There is good news for Great Indian Bustard fans. A hatchling was recently seen in the Desert National Park of Rajasthan, after relentless efforts were made in the last few years to increase the population of this critically endangered bird.
There are just 200 Great Indian Bustards surviving in India today with most of their population restricted in the states of Gujarat, Rajasthan, Madhya Pradesh, Karnataka, Maharashtra and Andhra Pradesh. They are now believed to be extinct in the states of Punjab, Haryana, Orissa, Tamil Nadu and Uttar Pradesh which was once their habitat.
A tall bird with long legs, the Great Indian Bustard (Ardeotis nigriceps) is a grassland species. This means that it needs tall grass habitat and not trees as much to survive. With cities expanding and grasslands being converted to farmlands or residential complexes, the bustard has seen its home get shrunk further and further in the last 70 years.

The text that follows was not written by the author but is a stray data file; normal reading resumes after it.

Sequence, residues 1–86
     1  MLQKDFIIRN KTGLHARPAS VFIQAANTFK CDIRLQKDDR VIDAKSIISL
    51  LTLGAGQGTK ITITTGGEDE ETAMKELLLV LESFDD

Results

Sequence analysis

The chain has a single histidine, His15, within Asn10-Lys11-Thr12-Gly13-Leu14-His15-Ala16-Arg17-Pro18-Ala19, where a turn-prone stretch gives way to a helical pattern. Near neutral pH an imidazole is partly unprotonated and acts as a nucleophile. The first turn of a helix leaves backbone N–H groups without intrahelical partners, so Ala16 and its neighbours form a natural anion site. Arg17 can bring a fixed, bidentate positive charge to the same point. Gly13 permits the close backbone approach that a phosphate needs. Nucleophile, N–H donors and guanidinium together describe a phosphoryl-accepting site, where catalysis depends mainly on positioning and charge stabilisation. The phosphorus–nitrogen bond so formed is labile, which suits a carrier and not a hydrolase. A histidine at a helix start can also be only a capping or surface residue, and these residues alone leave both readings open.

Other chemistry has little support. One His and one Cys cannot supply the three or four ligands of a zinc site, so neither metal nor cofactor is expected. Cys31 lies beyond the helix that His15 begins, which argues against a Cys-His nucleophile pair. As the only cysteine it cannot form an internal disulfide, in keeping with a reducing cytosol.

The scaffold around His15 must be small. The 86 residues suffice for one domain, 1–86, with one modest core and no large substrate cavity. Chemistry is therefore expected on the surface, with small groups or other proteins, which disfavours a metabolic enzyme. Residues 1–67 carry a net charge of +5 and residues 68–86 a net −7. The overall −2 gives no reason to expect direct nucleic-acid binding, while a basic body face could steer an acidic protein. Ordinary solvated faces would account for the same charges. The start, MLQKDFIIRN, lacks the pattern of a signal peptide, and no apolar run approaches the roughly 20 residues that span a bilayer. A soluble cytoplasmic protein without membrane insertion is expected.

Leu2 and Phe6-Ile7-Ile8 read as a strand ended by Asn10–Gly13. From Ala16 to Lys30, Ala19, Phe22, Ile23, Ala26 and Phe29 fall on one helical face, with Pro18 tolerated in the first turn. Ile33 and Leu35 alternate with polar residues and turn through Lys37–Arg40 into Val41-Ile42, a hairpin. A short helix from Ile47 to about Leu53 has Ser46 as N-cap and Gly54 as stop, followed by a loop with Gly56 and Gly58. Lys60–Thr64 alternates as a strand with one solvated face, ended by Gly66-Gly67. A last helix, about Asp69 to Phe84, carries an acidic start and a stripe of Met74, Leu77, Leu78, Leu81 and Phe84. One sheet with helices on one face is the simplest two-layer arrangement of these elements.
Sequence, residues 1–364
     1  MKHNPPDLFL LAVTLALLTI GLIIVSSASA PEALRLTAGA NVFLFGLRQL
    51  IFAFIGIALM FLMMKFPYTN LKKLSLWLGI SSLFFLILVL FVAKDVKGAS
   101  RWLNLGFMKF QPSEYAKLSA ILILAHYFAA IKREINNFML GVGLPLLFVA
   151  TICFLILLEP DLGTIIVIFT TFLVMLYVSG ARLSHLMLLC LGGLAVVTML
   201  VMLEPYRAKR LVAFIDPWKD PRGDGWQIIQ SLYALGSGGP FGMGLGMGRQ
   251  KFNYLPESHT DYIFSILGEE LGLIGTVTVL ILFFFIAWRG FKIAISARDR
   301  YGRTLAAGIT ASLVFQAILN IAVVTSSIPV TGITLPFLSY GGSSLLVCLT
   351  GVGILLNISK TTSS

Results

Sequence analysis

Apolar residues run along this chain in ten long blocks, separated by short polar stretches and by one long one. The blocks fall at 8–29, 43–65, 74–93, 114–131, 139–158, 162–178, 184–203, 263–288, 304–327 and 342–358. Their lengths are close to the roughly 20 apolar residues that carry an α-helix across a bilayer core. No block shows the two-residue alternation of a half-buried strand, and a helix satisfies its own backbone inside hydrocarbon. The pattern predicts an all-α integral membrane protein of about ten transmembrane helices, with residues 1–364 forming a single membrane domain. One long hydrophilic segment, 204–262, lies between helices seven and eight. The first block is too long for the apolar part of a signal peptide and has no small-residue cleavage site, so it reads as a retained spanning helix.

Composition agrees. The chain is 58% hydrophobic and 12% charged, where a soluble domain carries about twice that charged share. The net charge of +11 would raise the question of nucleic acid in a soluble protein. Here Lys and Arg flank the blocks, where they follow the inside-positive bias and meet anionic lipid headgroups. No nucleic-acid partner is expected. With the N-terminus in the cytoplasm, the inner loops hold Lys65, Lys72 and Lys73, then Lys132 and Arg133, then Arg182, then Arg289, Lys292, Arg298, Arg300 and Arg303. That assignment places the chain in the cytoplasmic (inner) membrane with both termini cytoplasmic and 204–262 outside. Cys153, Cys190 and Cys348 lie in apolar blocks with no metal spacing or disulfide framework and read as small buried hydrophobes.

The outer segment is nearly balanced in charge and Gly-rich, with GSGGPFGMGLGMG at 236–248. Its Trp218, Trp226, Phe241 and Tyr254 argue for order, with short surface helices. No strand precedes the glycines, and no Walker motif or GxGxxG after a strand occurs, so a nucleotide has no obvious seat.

A Newborn Hope
The Indian government had declared a Species Recovery Program in 2012 to save the bird from extinction. Rajasthan had also declared Project Great Indian Bustard and brought it under the umbrella of Wildlife Protection Act in 2013 at an initial cost of Rs 4.5 crore.
As part of this campaign, the birds were given greater protection and recently 2 pairs were noted to have laid eggs in the Desert National Park enclosure.
Great Indian Bustard, nests on the ground and the female lays one egg at a time. Because of the ease of reach, the eggs and the fledglings often become prey to animals such as feral dogs. The low number of eggs also hampers the chances of large increase in the population of the bird.
That is why the birth of the newborn is not just encouraging news for the species, but also the success of consistent efforts done to save it.
Let’s hope there are more chicks to add to the population of this rare bird very soon.
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